Click to enter Cascade Peaks
Click to enter Columbia River Gorge
Click to enter Columbia River Gorge in Winter
Click to enter LDS Temples of the West
Click to enter Don's 2002 Photo Jaunt
Click to enter Don's 2003 PhotoJaunt
Click to enter Acadia to Zion: America's National Parks
Click to enter Presidents' Places
Click to enter State Capitols
Click to enter Eastbank Esplanade
Click to view Vancouver Collage
Click to enter Southern Oregon Coast
Click to enter Don's Favorite Photos
Click to see Pheatured Foto
Click to enter Silver Falls
Click to enter Two Woodland Trails
Click to enter England in the 1950's
Click to enter Don's Photo Gallery

More of Don's
photo series.

Presidents' Places: James Madison

Montpelier, James Madison's home

Visiting James Madison's life-long home, Montpelier, requires a drive along country roads in Virginia. The road is well marked, however, and during the fall especially is worth the effort; it's a very nice place. The folks there call it [monpyeh], the French pronunciation, rather than [mont peel yer], the good ol' American pronunciation. Jemmy and Dolley probably called it [monpyeh], since they were pretty high class people. [Webmaster's note: I just watched and listened to a C-SPAN presentaion on James Madison and Montpelier; everyone on the program called it [mont peel yer]. I looked it up on several dictionary websites, and on some it was pronounced [mont pee yay]. My conclusion: it can be pronounced in a variety of ways.]


I knocked on the front door, but Jemmy and Dolley weren't home. I went in anyway, and was impressed with how well their house had been taken care of. Dolley always was a pretty fastidious housekeeper, making sure her slaves kept the place in tip-top shape for the fabulous parties she threw.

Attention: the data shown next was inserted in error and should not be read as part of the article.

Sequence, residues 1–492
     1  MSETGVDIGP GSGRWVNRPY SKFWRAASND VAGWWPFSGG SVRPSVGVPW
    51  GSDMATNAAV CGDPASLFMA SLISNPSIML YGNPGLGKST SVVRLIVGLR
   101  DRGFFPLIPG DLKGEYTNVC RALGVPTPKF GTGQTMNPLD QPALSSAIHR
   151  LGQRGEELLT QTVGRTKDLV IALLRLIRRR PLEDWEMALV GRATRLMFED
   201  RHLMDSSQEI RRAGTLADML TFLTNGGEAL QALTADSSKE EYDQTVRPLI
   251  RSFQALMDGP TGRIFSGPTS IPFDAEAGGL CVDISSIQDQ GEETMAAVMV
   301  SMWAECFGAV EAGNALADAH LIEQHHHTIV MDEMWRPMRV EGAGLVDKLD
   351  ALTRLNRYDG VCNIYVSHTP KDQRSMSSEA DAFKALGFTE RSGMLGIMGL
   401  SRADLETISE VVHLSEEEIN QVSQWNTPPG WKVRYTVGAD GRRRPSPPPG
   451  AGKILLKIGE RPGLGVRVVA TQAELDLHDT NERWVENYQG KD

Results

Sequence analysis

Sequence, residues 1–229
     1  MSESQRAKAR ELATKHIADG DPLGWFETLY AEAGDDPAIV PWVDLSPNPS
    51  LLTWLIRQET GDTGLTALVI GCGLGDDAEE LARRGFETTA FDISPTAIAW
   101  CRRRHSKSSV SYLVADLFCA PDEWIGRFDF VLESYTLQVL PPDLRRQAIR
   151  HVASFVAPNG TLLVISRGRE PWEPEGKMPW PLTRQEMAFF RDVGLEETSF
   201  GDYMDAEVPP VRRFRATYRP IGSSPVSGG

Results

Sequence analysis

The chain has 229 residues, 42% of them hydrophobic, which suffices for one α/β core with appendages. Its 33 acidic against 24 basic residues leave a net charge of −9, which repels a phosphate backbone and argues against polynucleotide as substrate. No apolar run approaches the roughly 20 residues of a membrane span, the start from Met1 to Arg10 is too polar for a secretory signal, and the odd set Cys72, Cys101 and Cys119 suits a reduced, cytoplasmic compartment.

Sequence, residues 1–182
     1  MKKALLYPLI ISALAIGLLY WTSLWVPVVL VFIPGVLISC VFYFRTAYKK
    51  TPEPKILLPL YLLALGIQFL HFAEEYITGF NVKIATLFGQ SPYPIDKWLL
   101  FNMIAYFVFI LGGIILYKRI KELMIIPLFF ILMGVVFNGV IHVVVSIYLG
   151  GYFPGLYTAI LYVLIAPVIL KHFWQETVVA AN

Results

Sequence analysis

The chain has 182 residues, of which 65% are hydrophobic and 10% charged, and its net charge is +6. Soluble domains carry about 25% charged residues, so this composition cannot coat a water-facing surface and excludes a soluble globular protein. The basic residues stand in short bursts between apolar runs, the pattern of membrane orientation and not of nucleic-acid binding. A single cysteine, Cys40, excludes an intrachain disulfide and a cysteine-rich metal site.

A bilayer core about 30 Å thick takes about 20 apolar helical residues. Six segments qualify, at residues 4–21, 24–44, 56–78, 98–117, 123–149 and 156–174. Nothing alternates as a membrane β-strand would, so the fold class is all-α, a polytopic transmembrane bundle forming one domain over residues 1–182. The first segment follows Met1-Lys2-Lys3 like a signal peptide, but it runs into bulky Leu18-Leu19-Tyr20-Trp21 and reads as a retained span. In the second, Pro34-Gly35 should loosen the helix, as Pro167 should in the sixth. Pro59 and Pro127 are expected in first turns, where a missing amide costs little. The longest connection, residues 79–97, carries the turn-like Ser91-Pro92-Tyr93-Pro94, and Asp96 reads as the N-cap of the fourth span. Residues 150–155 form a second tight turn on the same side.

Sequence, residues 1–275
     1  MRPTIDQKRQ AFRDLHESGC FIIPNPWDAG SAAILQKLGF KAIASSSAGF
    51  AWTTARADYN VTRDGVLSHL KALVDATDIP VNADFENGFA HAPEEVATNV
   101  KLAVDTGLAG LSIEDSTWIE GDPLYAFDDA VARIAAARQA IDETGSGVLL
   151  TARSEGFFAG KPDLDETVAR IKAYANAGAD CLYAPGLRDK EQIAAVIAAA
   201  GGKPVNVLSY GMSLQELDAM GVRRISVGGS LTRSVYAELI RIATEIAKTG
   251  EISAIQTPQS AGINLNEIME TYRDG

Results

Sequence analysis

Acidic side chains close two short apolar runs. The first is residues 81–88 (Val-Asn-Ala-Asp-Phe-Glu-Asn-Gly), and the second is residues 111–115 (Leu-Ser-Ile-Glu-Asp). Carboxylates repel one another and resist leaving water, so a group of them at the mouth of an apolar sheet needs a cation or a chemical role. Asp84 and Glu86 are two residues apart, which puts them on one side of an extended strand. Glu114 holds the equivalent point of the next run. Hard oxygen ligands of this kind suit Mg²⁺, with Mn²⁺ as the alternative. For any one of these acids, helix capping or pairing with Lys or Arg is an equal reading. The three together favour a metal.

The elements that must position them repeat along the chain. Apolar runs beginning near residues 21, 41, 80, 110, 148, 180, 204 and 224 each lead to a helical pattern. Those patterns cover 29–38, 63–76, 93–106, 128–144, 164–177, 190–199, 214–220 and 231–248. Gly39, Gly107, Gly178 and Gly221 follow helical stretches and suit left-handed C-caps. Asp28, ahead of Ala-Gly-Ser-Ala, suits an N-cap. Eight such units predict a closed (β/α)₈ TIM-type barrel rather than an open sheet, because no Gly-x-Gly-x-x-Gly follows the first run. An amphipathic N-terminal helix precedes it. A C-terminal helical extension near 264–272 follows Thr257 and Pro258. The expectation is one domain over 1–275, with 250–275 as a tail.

The view to the west

Jemmy said his house faced west because that was where the future of America lay. He was right about that, as he was about so many other things. However, having one's house facing west meant they got the hot summer sun in the afternoon and evening. My guess is that they spent much more time on the back porch, which is shaded, than out front in the hot sun.

The house has been added to and redesigned several times, before, during, and after the Madisons lived there. It is now going to be restored to the way it was when Jemmy died. {Webmaster's note: The C-SPAN program mentioned above, and the website linked above, show the mansion with the pink stucco removed; it is now brick, as the Madisons built it. Also, much of the building has been removed, restoring it to it's previous appearance. The work is not yet complete (June 2007).]

The Madisons' back porchJemmy's hunting dogs

The back porch is much more inviting, with the shade and all. But no view of the mountains. Jemmy's hunting dogs stand guard.

Inside, the house holds many artifacts of the Madison's residence there; here am I taking a picture of myself in Dolley's dressing mirror, something which I doubt she would appreciate.

Me in Dolley's dressing mirror

Sitting room at Montpelier

This is the sitting room at Montpelier, but I'm not at all sure this room existed when the Madisons lived there. The house was remodeled and enlarged after the Madison family sold it in the mid-1800's. But it's still a nice room.

Jemmy and Dolley -- a handsome couple indeed although Jemmy was only 5'4" tall, and weighed less than 100 pounds. He was smaller than Dolley, most likely. They had no children together, although Dolley had a daughter by a previous marriage. But that's neither here nor there. They were both great people: he as a political thinker and leader, promoter of and leader in the Constitutional Convention, strong supporter of George Washington while a Representative in Congress, author of the Bill of Rights, Secretary of State and close presidential advisor during Jefferson's tenure, Fourth President of the United States, etc., etc., etc.; and Dolley as the First Lady who set the standard for all the First Ladies who followed her. Many historians consider that Jemmy and Dolley have had a more lasting influence than any other president and first lady.

Jemmy and Dolley

Jemmy and Dolley served their country well throughout their lives.


All photos on this site ©Donald L. Mark 1973-2007   Back to "Presidents' Places" Index